This article explains the concept of social return on investment (SROI) and two types of SROI: (1) program SROI and (2) donor SROI.
Social return on investment (i.e., social ROI or SROI) is the amount of social value generated per $10,000 (USD). By using a standardized unit ($10,000) as the basis of your comparison, you can compare a program's effectiveness within your philanthropic portfolio and to other programs outside of your portfolio. There are two types of SROI to consider when reviewing your investments.
Program SROI allows you to analyze the effectiveness of a program by calculating the number of impacts per $10K of the program's costs. For example, if a program costs $100,000 to run and helps 100 people get jobs, the social ROI would be 10 people attaining employment per $10,000. Program SROI gives you a standardized way to review the effectiveness of a program as compared to its peer programs (i.e. programs focused on the same beneficiary group or outcome).
When to use program SROI: When you are considering the effectiveness of different types of interventions and would like a standardized way to review the outcomes of different interventions.
Donor SROI allows you to analyze the the effectiveness of your investment by calculating the number of impacts you can claim per $10K invested. Using a standard contribution claim calculation (% impacts claimed = % funded), if you had invested $20,000 in the program above, your funder claim of the program's impacts would equal 20 jobs. Therefore, for every $10,000 donated, 10 jobs were created.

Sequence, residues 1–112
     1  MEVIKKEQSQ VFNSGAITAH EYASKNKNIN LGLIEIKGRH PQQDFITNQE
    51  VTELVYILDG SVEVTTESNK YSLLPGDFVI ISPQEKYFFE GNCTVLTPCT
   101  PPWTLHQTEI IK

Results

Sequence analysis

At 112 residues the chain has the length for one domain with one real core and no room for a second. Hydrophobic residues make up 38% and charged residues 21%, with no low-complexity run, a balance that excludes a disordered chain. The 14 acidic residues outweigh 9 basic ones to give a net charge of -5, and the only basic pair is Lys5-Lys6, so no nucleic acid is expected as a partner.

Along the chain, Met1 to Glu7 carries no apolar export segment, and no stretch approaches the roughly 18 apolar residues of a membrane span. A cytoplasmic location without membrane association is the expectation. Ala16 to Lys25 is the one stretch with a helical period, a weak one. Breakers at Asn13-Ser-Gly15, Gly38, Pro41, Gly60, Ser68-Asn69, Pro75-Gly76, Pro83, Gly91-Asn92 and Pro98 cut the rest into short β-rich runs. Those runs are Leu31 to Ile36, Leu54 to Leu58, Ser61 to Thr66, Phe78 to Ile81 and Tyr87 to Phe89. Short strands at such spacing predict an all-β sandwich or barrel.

However, if you are a foundational funder, (as in you attracted other donors to the program, the program is replicated, or your donation brought about a sustained increase in the program's efficacy) your impact claim would include "catalyzed" impacts or additional impacts beyond those you directly fund. If you are a foundational funder to the program described above, your funder claim would equal 100 impacts (because you can claim 100% of the program's impacts). Therefore, for every $10,000 donated, 50 jobs were created. Investing in programs that then catalyze additional social impacts can generate significantly higher SROI because your claim of impacts is significantly increased.
When to use donor SROI: When you are considering the effectiveness of different types of investments and would like a standardized way to review the outcomes of your investment approaches.
Additional notes about program and donor SROI:
- The program and donor SROI are always the same if you are not a foundational funder. The program and donor SROI are always the same if you fund 100% of the program.
- The donor SROI is greater if you are a foundational funder and you don't fund 100% of the program because you receive "extra credit" through catalyzed impacts.
- Contextualizing your SROI is critical. While a program or investment may have a high SROI, the program or investment may not align with your priority outcomes, beneficiary groups, or markets. While SROI is a useful tool in reviewing your philanthropic portfolio, it is important to consider it within the context of the specific program, who it serves, your goals, and priorities.